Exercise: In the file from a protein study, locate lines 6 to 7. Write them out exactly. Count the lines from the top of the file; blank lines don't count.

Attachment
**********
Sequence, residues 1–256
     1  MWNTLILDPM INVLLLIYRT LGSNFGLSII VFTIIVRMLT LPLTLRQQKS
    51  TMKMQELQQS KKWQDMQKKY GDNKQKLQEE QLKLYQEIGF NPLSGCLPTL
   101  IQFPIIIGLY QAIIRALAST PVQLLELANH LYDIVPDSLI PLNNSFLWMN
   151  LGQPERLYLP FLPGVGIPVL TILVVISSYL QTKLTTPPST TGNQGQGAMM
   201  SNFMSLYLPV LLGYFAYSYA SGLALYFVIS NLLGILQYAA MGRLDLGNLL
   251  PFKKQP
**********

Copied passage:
   201  SNFMSLYLPV LLGYFAYSYA SGLALYFVIS NLLGILQYAA MGRLDLGNLL
   251  PFKKQP